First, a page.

Compassionate and heartfelt, this collection offers 100 practical ideas to help understand and accept the passing of a sibling in order to practice self-healing. The principles of grief and mourning are clearly defined, accompanied by action-oriented tips for embracing bereavement. Whether a sibling has died as a young or older adult or the death was sudden or anticipated, this resource provides a healthy approach to dealing with the aftermath.
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About the Author
Alan D. Wolfelt, PhD, is a grief counselor and the director of the Center for Loss and Life Transition. He is the author of Healing Your Grieving Heart, The Journey Through Grief, Transcending Divorce, and Understanding Your Grief. He lives in Fort Collins, Colorado.
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Healing the Adult Sibling's Grieving Heart
100 Practical Ideas After your Brother or Sister Dies
By Alan Wolfelt
Center for Loss and Life TransitionCopyright © 2008 Alan D. Wolfelt, Ph.D.
All rights reserved.
UNDERSTAND THE DIFFERENCE BETWEEN GRIEF AND MOURNING
Grief is what we think and feel on the inside when someone we love dies.
Mourning is the outward expression of our grief.
Everyone grieves when someone loved dies, but if we are to heal, we must also mourn.
Many of the ideas in this book are intended to help you mourn he death of your brother or sister, to express your grief outside of yourself. Over time and with the support of others, to mourn is to heal.?
If some of your friends and family are not compassionately supporting your need to mourn, seek out the company of those who will.
Ask yourself this: Have I been mourning my sibling's death, or have I restricted myself to grieving?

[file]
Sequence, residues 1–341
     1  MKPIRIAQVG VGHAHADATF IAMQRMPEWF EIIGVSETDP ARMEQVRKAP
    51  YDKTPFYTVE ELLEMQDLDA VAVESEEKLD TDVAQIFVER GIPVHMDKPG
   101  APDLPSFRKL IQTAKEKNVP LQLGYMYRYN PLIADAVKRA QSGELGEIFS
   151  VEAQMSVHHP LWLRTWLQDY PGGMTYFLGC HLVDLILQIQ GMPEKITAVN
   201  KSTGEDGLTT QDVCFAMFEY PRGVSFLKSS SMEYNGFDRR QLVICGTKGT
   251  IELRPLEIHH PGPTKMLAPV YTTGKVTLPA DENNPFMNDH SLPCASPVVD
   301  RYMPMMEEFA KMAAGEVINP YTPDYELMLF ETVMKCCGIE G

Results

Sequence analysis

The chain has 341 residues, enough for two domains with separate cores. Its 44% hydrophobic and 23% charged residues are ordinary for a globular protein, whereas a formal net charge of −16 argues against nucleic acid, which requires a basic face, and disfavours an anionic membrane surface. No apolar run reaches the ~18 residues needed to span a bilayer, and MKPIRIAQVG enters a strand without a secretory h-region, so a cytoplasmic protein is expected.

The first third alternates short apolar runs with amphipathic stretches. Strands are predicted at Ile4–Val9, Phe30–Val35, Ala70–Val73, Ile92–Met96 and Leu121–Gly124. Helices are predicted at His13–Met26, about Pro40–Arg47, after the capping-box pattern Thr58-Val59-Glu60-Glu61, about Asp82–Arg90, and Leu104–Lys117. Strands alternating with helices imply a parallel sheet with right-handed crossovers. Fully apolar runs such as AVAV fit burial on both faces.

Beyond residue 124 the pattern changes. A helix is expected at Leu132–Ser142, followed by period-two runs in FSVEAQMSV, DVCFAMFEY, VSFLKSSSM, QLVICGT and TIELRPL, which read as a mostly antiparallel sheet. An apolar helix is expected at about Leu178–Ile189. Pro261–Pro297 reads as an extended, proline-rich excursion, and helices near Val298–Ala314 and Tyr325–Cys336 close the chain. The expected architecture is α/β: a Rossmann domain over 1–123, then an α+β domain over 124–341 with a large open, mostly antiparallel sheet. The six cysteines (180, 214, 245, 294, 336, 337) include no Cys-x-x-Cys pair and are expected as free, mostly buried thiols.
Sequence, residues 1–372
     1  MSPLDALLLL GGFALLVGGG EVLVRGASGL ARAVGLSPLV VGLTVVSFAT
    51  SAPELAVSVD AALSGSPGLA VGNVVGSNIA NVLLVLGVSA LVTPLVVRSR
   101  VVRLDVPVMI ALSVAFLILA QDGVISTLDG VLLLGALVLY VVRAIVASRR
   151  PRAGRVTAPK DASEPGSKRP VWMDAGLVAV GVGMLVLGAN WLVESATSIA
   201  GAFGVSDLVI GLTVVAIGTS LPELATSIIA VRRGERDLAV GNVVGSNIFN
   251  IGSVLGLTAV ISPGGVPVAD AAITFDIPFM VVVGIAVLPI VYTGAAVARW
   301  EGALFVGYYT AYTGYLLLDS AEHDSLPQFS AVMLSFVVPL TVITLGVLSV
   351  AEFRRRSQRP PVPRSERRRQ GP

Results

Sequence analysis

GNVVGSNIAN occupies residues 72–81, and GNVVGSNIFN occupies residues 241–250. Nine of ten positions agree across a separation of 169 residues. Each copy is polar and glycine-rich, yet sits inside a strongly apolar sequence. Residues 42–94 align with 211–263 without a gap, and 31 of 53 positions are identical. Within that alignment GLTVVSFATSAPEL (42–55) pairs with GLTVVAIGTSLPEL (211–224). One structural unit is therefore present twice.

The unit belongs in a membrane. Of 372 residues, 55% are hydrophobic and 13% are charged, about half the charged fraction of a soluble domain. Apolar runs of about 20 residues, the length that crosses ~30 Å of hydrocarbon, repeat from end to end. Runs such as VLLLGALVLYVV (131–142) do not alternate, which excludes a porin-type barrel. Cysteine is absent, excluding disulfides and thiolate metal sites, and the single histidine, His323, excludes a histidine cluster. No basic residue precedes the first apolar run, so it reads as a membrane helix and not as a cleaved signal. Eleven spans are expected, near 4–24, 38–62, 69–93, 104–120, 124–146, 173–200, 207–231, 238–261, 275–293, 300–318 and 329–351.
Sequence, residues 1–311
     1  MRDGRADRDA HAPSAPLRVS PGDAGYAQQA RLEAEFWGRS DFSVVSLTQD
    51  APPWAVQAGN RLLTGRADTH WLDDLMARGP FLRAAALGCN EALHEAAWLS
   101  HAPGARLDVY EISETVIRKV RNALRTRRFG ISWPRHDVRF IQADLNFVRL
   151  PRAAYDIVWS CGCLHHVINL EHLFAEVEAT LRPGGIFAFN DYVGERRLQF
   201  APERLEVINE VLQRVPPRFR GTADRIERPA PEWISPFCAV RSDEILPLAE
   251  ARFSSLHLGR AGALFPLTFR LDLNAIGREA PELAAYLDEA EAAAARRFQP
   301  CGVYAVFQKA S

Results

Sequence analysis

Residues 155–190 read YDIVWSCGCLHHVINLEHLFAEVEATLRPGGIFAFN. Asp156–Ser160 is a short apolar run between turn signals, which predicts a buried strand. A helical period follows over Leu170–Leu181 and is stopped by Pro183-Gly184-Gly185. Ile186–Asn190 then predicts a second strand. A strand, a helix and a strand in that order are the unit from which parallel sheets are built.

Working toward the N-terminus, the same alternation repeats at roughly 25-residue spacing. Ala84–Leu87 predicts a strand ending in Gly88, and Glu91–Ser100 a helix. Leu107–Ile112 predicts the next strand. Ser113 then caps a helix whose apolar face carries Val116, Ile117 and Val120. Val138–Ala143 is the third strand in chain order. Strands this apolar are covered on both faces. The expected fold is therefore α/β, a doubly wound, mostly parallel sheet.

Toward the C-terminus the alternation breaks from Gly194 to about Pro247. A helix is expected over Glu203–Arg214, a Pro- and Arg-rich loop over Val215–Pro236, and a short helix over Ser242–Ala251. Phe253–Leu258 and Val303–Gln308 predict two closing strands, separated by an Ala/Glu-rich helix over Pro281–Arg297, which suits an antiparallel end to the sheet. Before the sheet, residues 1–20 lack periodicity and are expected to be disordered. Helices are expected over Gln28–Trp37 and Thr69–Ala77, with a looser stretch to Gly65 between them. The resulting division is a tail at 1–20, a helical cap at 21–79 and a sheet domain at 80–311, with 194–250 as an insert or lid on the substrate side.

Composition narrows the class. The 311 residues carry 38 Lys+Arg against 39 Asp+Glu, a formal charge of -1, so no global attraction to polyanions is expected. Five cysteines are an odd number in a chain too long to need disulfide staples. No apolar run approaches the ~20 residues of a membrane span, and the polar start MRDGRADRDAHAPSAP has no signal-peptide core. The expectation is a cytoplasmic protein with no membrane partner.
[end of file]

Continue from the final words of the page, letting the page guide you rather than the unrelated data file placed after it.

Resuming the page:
BE COMPASSIONATE WITH YOURSELF
The journey through grief is a long and difficult one. It is also a journey for which there is no preparation.
Be compassionate with yourself as you encounter painful thoughts and feelings.
Don't judge yourself or try to set a particular course for healing. There is no one way to grieve the death of a sibling. There is only what you think and feel and the expressing of those thoughts and feelings.
Let your journey be what it is. And let yourself — your new, grieving self — be who you are.
If you have the energy, take a walk today through a quiet area of town. Or better yet, get out of town and find a "safe place" in nature. Rest when you're tired and contemplate the ways in which you might take better care of yourself in the coming weeks and months.
DON'T EXPECT YOURSELF TO MOURN OR HEAL IN A CERTAIN WAY OR IN A CERTAIN TIME
Your unique grief journey will be shaped by many factors, including:
* - the nature of the relationship you had with the sibling who died
* - the age of the sibling who died
* - your age
* - the circumstances of the death
* - your family's coping and communication styles
* - your unique personality
* - your cultural background